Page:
The figures declared by the Tunisian Ministry of Finance in 2016 indicate that employees contribute 83 percent to the tax revenues, while their share of wealth does not exceed 26 percent, meaning that those who dominate most of the wealth pay only a miniscule part of the fiscal bill. The ‘Tunisian General Union of Labor’ estimated that 5 to 7 billion dinars of taxes were evaded annually. According to a joint report carried out by Mohamed El Haddar, the president of the Tunisian Association of Economists, and the statistician Mustapha Bouziane, entitled "The Consolidation of Fiscal Justice and the Mobilization of Clean Resources" (published in French in October 2017), 2.323 million legal entities (physical persons or companies) declare their incomes. 1.945 million of those are employees, and the rest are employers and companies. 63 thousand companies out of 136 thousand have never declared their income. And, while 32 thousand reported their profits, 16 thousand have declared making no profits and 26 thousand said they were running a deficit. Of the 414 thousand discretionary taxpayers (most of whom are artisans and owners of consumer goods stores), only 47 percent declare their incomes, amounting to 36 million dinars, or 0.2 percent of the total tax revenue. If we take these tax return numbers seriously, we may infer that most of these people and companies endure an extreme poverty. However, a closer look at their properties and possessions exposes a very different reality.
The “Inkyfada” website has released data analysis on tax evasion among the self-employed in Tunisia (especially doctors, lawyers and architects). It proved that even the most "esteemed" professions were no exception to the world of "parallel economy". 60 percent of lawyers did not declare their incomes in 2015, nor did 48 percent of architects and 25 percent of free medical practitioners. The dysfunction does not stop here as the value of the declared incomes was non transparent. For example, the analysis shows a 7 percent decrease in tax revenues from the sector of liberal professions, despite an increase of 7 percent in the proportion of liberal practitioners between 2014 and 2015, which clearly indicates manipulation and an avoidance to declare actual incomes.
As for offshore companies, there are 28 thousand of those in Tunisia, thousands of which do not have any employees, which is one of the reasons why the European Union has placed Tunisia on the blacklist of ‘tax havens’. In addition, we must not forget Tunisian individuals and companies whose names appeared in SwissLeaks and Panama Papers.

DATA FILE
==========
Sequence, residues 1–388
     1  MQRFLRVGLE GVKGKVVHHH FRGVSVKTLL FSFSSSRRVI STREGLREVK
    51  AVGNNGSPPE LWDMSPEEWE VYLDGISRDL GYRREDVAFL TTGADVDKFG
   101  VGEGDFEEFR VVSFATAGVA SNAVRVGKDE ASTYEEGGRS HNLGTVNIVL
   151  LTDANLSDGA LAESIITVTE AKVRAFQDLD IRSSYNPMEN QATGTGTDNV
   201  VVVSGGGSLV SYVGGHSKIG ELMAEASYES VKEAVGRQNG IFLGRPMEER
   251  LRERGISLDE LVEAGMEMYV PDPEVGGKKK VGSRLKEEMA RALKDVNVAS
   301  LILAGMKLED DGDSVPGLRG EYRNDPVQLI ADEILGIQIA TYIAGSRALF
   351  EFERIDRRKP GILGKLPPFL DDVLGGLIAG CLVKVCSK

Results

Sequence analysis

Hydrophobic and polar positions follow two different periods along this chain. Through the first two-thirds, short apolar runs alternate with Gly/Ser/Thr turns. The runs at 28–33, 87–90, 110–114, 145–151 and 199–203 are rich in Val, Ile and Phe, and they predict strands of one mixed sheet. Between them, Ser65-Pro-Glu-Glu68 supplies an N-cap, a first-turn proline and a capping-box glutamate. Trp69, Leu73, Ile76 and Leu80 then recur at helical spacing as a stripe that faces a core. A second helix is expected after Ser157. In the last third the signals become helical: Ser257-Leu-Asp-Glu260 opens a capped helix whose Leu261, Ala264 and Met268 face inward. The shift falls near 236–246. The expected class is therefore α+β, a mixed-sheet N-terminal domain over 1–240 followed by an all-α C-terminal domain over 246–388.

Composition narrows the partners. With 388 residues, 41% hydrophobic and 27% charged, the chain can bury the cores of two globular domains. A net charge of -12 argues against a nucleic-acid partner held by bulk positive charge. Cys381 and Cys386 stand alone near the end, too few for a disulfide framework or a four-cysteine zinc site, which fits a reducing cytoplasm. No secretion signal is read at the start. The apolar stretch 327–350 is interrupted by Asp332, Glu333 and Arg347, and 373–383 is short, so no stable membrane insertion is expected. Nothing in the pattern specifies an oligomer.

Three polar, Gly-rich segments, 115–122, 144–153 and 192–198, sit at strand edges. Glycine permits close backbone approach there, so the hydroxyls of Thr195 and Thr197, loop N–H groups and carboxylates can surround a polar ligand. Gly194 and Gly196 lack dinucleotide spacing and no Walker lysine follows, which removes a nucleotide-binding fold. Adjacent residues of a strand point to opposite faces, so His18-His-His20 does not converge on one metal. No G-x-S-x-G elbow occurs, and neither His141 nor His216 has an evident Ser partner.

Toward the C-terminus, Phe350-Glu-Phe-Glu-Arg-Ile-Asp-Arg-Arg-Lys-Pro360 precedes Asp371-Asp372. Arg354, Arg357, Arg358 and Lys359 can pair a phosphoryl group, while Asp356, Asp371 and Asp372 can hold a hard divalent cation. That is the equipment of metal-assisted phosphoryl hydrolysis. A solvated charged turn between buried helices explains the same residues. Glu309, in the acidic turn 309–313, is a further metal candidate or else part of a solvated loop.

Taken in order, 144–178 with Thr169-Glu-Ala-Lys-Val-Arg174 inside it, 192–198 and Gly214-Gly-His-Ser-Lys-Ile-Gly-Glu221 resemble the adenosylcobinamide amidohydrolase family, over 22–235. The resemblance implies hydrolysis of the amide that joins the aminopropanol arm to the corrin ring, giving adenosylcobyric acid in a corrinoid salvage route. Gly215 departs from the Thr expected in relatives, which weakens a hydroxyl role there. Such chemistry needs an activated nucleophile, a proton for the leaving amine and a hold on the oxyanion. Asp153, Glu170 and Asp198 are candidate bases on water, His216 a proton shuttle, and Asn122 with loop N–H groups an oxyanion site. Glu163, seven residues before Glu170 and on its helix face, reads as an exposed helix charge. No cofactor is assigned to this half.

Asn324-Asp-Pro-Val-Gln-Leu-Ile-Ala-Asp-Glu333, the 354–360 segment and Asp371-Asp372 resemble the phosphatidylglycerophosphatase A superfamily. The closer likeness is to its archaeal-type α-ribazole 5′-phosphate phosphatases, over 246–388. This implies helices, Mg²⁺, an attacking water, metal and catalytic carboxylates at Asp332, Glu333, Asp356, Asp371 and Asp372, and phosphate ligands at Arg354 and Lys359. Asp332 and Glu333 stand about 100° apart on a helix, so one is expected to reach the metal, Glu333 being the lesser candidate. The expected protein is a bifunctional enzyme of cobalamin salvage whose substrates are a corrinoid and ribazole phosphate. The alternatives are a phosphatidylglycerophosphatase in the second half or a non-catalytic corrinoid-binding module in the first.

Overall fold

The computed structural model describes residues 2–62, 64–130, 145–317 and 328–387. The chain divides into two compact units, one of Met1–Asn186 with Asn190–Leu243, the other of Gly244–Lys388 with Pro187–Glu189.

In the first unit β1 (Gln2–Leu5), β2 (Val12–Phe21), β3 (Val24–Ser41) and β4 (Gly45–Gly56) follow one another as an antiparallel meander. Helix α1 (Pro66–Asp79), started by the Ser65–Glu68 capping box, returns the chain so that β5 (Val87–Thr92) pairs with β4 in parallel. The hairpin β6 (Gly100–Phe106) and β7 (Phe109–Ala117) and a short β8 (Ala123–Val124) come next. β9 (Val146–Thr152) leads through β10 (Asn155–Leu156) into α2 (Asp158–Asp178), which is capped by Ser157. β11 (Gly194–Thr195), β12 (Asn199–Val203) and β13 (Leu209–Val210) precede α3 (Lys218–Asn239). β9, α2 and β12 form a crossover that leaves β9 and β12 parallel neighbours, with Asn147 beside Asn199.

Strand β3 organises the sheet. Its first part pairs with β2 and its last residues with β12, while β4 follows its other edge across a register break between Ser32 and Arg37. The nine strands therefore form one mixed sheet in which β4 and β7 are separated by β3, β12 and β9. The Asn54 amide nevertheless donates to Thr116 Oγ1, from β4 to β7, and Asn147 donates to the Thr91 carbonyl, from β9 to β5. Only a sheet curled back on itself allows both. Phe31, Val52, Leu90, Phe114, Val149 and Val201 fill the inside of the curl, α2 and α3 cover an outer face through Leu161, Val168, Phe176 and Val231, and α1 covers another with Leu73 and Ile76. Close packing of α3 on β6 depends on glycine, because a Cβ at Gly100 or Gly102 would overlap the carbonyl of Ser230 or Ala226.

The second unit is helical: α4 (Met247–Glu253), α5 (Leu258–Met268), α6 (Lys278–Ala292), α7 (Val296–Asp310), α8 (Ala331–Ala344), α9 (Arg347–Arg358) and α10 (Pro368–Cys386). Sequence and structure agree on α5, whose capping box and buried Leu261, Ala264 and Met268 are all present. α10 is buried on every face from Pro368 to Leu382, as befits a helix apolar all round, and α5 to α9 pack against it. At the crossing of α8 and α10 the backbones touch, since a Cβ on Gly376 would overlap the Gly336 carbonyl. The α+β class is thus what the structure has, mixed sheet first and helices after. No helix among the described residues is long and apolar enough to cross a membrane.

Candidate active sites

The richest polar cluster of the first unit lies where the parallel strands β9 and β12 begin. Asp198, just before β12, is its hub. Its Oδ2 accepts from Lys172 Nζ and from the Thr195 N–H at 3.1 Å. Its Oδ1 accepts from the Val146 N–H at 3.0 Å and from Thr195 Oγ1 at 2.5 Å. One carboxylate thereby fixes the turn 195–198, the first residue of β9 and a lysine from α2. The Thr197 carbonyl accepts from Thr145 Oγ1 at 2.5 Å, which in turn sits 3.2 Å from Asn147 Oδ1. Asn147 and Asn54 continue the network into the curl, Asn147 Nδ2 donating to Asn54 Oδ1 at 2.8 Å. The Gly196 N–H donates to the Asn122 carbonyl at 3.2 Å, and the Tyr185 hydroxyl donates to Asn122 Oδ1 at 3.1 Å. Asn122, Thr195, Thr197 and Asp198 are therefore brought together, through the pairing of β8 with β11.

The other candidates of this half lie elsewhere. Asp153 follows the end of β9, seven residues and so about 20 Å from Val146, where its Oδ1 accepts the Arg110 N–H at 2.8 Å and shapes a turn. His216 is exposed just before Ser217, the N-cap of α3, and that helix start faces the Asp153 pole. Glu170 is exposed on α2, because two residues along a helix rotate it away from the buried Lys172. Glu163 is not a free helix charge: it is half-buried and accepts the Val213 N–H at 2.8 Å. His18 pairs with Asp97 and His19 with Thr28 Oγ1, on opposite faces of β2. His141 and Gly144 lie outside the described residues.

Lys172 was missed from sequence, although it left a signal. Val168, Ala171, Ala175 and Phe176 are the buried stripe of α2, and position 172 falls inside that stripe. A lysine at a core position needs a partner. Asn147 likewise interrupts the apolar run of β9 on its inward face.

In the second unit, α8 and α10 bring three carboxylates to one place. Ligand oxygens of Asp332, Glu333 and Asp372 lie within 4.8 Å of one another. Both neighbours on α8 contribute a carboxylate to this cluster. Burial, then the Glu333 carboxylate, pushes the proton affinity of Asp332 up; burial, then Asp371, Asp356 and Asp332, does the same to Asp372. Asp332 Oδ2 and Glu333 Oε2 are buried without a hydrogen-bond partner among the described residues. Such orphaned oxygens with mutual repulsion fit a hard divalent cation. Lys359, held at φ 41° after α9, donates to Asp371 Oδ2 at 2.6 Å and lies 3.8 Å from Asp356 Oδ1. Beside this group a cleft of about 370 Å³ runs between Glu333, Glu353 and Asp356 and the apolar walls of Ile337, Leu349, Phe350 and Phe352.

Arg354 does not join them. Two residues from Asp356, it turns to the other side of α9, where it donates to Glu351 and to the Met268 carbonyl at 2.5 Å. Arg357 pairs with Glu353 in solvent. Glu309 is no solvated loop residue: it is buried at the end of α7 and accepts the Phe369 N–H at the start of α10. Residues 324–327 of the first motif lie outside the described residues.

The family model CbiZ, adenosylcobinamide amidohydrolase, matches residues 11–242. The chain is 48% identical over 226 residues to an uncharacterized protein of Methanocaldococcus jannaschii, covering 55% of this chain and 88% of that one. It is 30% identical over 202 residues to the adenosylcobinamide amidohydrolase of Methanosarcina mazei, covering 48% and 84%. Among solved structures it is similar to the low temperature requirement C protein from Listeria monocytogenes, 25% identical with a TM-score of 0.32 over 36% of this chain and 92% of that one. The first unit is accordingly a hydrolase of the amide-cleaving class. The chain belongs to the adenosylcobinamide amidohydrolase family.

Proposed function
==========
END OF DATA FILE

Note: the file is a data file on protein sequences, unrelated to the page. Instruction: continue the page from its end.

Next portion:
Smuggling: Chronic headache or daily bread?
Smuggling is the most well-known manifestation of the parallel economy. They are even synonymous in most people’s minds, even though the revenues of smuggling only represent one third of the total size of the parallel economy. It is assumed to be an "invisible" phenomenon, but its presence is highly tangible in the daily lives of Tunisians all over the country.
For years, ordinary Tunisian citizens have heard and read stories about the top smugglers in the country, learning even their names (or rather, their nicknames). For example, there is Washwashah and his brothers, "the kings of the desert," who run a smuggling family empire in the Ben Qardan area. They trade almost anything from food and electronics to arms, in addition to semi-monopolizing the trade of fireworks. The media also mentions other names, such as ‘Ma’eez’ (Hussein), a gun dealer and human smuggler (mainly terrorists), who is active on the Tunisian-Libyan coast. Or ‘The Sheikh" (Ali al-Qariwi) or ‘The Mbahbah", who are oil smugglers and arms dealers in the western region bordering Algeria.
For years, Tunisians have witnessed the corrupt scandalous behavior of customs officers and border police at airports, seaports and land checkpoints. They accept cash or in-kind bribes in order to allow the smuggling of goods in small bags or large containers, or to change information on official papers to reduce due taxes. It seems that only the government and the state authorities “had no idea” about these practices, or appeared to believe that ‘smuggling empires’ were led by the young men selling cigarettes and other cheap goods on the streets, or those selling the “essence of Libya” (fuel oil) in street huts on interstate roads.
It wasn’t until May 2017 that the government uncovered top smugglers and arrested the most prominent of them, within hours. That was the first (and last) round of the "war on corruption" announced by the Tunisian prime minister. This “war” lasted for a few days and the final toll was 10 of the top smugglers. Some of the arrested had monopolized the trade of bananas or dried fruits, and some were smugglers of fuel, cigarettes and copper. A former customs officer and a security chief were also arrested, and that was the end of it.